Flood Protection System Beats Schedule
The results are in. Data from instruments installed within a big New Orleans levee has allowed the contractors to exceed ambitious schedule-compression goals. The team successfully employed a novel design based on miles of wick drains and geotextile fabrics. The system is achieving soil consolidation and strengthening faster than predicted.
“We're comparing theory to reality in performance,” says Richard Varuso, deputy chief of the U.S. Army Corps of Engineers' geotechnical branch in New Orleans. “Whenever you validate theory versus performance, the engineering community learns something.”
The amount of geotechnical data compiled from the levee reach known as LPV 109 already is informing the design of other projects, including plans to raise a 32-mile stretch of non-federal levees in Plaquemines Parish.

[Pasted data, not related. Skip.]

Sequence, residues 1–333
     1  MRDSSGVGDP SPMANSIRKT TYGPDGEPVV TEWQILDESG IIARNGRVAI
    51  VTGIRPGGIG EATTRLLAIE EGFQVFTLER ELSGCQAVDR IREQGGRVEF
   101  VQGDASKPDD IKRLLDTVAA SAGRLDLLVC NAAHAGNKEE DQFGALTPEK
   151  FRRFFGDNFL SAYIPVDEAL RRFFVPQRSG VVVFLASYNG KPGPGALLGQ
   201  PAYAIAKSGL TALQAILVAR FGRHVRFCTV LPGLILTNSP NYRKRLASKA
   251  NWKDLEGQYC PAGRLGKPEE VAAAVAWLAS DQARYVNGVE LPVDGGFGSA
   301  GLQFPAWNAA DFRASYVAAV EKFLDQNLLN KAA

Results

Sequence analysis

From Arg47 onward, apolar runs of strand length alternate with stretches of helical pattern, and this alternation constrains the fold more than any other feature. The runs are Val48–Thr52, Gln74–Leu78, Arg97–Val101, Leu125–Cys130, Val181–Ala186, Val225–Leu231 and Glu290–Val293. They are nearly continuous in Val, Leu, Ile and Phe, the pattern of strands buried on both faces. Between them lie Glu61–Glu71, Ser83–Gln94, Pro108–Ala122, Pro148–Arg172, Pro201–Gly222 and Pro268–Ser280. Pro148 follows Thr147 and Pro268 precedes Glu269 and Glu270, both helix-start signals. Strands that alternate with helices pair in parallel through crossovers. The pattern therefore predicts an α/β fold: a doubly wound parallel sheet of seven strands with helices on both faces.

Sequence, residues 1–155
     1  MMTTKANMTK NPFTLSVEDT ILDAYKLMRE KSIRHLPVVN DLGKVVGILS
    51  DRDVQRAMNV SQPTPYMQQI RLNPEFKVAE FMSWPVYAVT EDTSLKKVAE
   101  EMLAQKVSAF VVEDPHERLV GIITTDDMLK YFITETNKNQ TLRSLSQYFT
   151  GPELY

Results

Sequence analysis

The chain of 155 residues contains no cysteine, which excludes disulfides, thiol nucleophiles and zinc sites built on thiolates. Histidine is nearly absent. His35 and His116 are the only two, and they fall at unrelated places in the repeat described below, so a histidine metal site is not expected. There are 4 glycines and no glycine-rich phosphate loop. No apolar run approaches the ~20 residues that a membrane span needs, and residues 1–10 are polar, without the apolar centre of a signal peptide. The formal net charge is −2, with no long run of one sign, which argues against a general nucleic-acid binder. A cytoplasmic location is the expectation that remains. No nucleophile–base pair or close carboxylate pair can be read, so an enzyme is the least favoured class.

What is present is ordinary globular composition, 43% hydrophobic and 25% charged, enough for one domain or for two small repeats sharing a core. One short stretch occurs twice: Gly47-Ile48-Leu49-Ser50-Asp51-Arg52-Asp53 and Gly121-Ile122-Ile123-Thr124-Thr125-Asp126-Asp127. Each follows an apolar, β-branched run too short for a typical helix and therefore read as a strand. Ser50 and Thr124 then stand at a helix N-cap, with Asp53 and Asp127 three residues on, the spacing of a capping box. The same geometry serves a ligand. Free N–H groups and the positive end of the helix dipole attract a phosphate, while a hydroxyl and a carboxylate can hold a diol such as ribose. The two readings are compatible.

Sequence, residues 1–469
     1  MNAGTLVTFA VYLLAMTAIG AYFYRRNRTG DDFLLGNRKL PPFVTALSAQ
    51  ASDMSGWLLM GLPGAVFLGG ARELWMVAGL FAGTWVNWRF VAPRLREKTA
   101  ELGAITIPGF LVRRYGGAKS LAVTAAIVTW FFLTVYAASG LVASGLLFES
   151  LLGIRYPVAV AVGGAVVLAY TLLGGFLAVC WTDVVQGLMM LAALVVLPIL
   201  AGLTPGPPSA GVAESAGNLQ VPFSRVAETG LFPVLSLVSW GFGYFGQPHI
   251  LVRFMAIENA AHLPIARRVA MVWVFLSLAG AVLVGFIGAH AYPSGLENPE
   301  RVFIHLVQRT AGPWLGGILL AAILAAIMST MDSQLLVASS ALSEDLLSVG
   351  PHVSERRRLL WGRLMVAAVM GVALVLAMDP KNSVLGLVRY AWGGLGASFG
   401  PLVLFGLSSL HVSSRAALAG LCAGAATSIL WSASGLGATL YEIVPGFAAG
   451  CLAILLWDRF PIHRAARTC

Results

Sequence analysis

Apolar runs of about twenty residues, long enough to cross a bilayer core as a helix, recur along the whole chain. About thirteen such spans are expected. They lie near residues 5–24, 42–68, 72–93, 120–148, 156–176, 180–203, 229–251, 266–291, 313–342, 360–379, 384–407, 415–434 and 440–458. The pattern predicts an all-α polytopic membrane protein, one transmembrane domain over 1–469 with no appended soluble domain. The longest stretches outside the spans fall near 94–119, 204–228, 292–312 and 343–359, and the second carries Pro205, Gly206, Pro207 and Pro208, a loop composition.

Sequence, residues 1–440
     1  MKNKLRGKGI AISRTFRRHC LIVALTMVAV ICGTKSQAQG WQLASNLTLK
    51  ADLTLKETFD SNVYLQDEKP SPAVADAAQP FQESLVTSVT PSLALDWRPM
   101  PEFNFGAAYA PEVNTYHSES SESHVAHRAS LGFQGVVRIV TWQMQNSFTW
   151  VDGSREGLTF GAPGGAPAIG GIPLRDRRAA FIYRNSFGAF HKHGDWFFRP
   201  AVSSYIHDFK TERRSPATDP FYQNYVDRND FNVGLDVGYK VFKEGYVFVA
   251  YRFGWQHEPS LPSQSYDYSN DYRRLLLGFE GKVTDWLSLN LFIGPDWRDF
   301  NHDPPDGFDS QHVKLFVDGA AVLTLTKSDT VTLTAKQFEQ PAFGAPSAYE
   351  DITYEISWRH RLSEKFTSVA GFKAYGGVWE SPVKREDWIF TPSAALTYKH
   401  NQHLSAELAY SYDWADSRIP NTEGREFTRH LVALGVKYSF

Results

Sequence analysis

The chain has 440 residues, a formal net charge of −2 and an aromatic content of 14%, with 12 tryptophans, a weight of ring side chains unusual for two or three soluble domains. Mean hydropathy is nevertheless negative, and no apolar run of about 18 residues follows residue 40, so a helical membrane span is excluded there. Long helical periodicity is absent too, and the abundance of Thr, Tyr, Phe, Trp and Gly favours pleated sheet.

A conventionally built earthen levee comparable to LPV 109 would require a decade of incremental lift placements, separated by long pauses for natural soil compression. By using an elaborate wicking and drainage system rigged with instruments to report soil movement and consolidation within and below the structure, engineers fine-tuned the schedule with lead contractor Archer Western Contractors Ltd., Atlanta. They shaved work duration at sites along the 7.54-mile-long project to 45 to 60 days compared with the targeted 90 days.[read more]